The paper had some solid beat reporters and constantly broke major news. But it was never able to escape the shadow of Father Moon and his creepy cult. It was derisively known as The Moonie Times. It didn’t help, of course, that the paper was unabashedly conservative in an industry that was, at the time, very liberal. But the mass weddings and other oddities lessened the journalistic credibility of both the Times and UPI. Not to mention the sheer embarrassment of Republican politicians having to attend these things, pretending that Moon wasn’t a nut.
Three years ago, at Stacy’s kind invitation, I attended the Times’ 25th anniversary dinner. I refrained from blogging about it at the time out of deference to Stacy’s continued employment but it was one of the most surreal experiences of my life. The National Building Museum was packed to the gills with people, about half of whom were in traditional Korean costumes. The speakers, including former President George H.W. Bush, all paid homage to Moon as “Father Moon.” Then, after a longish interruption caused by a fire alarm — forcing us to evacuate the building for quite some time — we got to hear the final speech of the evening from Moon himself. Delivered in perfect Korean. So, after 25 years of running what he proudly billed as “America’s Newspaper,” he hadn’t bothered to learn America’s language. I joined several others in taking that as my exit cue.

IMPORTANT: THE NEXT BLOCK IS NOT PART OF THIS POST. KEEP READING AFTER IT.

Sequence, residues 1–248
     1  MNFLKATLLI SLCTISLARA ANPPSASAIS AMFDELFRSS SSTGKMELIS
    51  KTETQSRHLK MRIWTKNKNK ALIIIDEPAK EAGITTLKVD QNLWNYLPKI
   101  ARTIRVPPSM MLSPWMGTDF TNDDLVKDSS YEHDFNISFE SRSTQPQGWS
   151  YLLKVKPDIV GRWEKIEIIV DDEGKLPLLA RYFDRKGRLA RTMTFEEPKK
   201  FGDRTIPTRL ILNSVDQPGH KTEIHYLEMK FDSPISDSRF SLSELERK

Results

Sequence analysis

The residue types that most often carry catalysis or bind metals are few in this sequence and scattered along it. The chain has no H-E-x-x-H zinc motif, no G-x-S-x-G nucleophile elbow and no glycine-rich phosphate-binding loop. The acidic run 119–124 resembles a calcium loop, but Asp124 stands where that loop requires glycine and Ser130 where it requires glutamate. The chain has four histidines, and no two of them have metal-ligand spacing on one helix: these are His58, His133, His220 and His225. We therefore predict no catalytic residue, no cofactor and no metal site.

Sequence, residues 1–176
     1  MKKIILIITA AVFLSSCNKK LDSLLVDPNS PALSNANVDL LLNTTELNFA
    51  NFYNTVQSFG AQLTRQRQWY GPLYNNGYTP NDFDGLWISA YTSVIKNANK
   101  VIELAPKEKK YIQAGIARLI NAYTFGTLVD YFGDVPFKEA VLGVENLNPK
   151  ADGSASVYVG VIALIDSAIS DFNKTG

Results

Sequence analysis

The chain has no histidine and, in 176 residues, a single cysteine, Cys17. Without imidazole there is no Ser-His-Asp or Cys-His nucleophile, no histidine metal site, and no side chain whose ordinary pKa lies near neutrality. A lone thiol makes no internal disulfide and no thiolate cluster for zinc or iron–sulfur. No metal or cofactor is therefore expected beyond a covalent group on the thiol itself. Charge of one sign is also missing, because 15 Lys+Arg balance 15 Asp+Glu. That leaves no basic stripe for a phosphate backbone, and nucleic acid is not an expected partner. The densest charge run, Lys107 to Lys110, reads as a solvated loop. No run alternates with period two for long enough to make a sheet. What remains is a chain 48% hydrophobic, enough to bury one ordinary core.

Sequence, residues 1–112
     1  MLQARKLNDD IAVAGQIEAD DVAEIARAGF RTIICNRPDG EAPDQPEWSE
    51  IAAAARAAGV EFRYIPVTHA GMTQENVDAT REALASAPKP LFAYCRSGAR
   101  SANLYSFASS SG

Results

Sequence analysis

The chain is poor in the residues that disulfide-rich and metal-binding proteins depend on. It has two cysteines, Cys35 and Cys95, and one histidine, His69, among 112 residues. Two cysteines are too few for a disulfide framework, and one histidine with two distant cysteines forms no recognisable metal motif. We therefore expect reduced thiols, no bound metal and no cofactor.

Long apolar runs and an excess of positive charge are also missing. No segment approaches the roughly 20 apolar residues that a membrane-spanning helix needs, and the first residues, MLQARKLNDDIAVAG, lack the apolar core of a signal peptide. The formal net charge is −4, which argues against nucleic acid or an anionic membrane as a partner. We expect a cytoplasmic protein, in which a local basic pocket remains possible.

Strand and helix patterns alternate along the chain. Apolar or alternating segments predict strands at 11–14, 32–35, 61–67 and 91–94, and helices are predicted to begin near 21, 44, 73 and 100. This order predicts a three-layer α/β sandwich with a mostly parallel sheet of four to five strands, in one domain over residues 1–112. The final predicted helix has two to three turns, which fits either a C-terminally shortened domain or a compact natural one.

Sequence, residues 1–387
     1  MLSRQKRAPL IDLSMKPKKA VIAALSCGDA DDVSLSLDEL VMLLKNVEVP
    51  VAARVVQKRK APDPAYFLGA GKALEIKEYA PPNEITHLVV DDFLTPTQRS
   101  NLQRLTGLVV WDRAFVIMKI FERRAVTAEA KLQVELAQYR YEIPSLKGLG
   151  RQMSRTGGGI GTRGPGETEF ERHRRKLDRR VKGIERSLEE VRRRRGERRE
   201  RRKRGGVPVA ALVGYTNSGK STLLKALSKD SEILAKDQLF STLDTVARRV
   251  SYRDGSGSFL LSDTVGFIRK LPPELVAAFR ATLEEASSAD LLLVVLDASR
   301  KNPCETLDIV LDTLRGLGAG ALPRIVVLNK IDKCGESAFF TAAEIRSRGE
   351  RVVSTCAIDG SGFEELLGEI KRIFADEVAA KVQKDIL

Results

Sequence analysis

There was a time when having the Moonies sell the paper to real newspapermen would have seemed a godsend. Now, though, I can’t imagine why anyone would want it. The Washington Examiner has taken it on in a competition to be the town’s conservative newspaper and won in convincing fashion, taking not only much of the WaTi readership but most of its best reporters. And Politico has become the niche “political” paper. Given that mass audience newspapers are a dying industry, I just don’t see what space is left.